Gary Cahill has endured a tough international career. Those millennial players emerging with his generation haven’t tasted much success with the national team as England’s performances at major tournaments have remained disappointing. Indeed, the national team has promised much on paper but delivered so little. That makes Cahill as hungry as anyone and, having endured a frustrating season with Chelsea, he’s clearly even more determined to make a difference on football’s biggest stage.
Cahill’s crying out for success within the international arena. After the golden generation and three consecutive quarter-finals in 2002, 2004 and 2006 (equating to England’s form of international success), he has come of age during a period of genuine pain for English fans. There’s no single big game disappointment – rather a series of mishaps, failures and objectivity – because England simply haven’t shown up. There’s no nail-biting penalty shout-out (unless you consider the bore-draw against Italy six years ago one of them) or last-minute goal or dramatic knock-out defeat. Just ordinariness.
What England fans will like from the reliable performer is his modesty when discussing the national team’s chances at FIFA World Cup 2018. Deep down he’s dreaming of lifting the trophy but, outwardly, he’s diplomatic about England’s chances of progressing through the tournament. What he really wants to do is make an impression.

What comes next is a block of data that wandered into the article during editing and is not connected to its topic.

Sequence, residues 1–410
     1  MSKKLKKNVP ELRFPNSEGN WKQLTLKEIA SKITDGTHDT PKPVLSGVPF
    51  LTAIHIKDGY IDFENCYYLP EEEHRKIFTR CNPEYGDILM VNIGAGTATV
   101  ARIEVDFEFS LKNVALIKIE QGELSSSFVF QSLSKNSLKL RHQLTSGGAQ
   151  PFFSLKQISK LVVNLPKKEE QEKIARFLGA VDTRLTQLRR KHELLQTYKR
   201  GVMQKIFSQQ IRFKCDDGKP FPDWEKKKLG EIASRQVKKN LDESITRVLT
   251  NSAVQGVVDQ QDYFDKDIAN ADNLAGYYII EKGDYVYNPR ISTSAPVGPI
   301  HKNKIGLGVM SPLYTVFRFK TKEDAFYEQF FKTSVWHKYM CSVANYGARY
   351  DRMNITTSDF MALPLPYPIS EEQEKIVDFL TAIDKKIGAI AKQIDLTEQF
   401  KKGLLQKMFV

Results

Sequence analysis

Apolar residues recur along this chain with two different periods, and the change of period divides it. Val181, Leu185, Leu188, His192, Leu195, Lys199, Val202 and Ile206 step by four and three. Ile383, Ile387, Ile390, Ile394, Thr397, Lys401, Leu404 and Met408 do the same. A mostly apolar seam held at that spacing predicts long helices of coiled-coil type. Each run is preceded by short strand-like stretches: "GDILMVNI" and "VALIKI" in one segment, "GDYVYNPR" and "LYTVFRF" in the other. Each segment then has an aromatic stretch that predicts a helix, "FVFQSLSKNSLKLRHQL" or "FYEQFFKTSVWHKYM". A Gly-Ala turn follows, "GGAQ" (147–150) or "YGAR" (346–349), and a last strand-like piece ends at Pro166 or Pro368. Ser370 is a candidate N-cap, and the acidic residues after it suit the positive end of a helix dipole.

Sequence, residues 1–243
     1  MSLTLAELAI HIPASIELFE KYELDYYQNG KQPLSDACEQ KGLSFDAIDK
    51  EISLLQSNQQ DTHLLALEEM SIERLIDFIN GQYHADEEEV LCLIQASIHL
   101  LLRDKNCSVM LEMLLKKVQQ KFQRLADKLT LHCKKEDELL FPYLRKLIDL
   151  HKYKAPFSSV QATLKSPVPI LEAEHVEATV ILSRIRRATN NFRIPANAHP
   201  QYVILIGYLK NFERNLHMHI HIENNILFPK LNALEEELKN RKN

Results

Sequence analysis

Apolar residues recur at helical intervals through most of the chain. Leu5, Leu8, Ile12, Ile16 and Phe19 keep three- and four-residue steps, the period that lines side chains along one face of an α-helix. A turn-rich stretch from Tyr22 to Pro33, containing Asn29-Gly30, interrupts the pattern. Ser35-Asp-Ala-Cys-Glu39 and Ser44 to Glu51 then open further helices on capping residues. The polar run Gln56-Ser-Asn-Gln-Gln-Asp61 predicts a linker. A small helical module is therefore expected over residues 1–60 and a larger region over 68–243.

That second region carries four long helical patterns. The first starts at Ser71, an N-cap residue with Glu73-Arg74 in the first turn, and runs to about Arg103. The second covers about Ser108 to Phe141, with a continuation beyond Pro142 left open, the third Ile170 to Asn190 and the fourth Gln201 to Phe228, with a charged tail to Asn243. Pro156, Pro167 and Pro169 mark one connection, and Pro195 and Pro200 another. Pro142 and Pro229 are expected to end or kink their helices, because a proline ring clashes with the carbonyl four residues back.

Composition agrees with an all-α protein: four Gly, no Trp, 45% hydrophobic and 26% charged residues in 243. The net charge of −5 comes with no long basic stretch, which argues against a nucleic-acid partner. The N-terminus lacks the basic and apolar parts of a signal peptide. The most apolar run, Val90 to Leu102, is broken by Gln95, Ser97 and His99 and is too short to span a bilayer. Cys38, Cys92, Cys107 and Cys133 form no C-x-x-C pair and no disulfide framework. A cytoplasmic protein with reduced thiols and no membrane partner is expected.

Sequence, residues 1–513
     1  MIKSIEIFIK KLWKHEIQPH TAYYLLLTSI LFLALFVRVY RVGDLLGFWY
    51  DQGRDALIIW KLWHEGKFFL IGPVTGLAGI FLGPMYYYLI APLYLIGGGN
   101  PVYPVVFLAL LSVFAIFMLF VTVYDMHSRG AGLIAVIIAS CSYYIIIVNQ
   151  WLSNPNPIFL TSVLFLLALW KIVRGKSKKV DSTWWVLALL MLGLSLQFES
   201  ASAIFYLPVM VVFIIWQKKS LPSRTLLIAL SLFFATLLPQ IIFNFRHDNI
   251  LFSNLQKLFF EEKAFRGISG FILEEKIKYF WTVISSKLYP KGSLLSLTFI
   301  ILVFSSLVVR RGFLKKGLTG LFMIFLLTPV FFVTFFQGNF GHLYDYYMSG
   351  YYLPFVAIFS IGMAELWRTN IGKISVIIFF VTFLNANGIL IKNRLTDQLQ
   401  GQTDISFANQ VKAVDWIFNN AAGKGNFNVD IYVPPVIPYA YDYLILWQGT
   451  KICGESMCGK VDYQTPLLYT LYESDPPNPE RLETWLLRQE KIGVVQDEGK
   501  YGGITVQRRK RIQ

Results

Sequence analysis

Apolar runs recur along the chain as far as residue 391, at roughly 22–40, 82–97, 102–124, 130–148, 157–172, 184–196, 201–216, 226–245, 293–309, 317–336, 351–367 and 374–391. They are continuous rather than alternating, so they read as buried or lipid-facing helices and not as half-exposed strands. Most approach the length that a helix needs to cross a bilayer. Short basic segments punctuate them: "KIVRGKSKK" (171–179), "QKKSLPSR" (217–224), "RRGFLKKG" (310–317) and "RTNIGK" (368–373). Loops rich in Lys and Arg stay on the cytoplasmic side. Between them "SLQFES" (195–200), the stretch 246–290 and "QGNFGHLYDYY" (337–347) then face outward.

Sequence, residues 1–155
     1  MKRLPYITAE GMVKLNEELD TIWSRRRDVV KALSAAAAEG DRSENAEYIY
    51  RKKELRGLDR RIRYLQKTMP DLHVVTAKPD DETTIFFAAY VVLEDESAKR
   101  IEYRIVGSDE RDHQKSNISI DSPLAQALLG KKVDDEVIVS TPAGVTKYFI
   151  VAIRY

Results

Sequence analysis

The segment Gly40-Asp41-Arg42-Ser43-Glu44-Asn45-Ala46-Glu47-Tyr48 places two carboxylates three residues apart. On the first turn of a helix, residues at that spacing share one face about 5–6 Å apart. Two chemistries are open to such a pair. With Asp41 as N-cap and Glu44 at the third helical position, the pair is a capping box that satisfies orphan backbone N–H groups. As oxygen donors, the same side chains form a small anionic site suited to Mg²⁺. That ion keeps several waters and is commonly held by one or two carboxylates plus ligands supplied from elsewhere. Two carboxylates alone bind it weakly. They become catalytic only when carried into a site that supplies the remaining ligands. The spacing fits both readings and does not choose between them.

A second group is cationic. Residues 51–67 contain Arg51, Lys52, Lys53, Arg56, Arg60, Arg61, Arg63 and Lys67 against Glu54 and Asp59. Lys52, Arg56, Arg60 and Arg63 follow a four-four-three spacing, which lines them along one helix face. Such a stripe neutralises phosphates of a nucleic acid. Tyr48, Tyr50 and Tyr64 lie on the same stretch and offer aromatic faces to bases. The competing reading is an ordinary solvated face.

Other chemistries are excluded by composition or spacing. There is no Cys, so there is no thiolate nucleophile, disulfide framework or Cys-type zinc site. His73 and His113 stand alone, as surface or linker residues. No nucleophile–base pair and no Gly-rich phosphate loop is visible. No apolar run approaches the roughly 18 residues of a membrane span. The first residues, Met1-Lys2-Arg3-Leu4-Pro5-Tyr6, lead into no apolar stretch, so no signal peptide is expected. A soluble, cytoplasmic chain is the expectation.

If England aren’t going to win the World Cup this year – and, let’s face it, they’ve got very little chance of doing so – fans might get some cathartic satisfaction from at least getting through to the latter stages, perhaps beating a big team, or at least causing a scare for one of the favourites in the knock-out rounds.
There’s little optimism for England’s chances as international football betting hots up prior to the tournament but the squad appears upbeat with Harry Kane and others talking up the national team’s hopes.
In a young team with an average age of 26, Cahill, boasting over 50 international caps, is the most experienced member of the squad. In the absence of long-term first-choice goalkeeper Joe Hart, Cahill will be the man many of the younger players turn to for advice. After all, he was there for the humiliating end to England’s Euro 2016 campaign at the hands of Iceland.
You need a steady head at the back. Southgate has picked the less experienced likes of Spurs right-back Kieran Trippier and Everton’s young goalkeeper Jordan Pickfordalongside Man City’s kamikaze centre-half John Stones, so it’s obvious this England team needs a composed set of shoulders. Cahill brings that along with a now-glittering club career, which has seen him recently add the FA Cup to a list of trophies that includes the Premier League, Champions League, Europa League and League Cup.
At 32 years of age, Cahill knows this could be his last international tournament. That will encourage him to give everything in Russia. He relished his return to the national team in the warm-up game with Nigeria recently, in which he turned in an excellent defensive display and provides Southgate with an experienced set of shoulders on which to build the team’s defence around.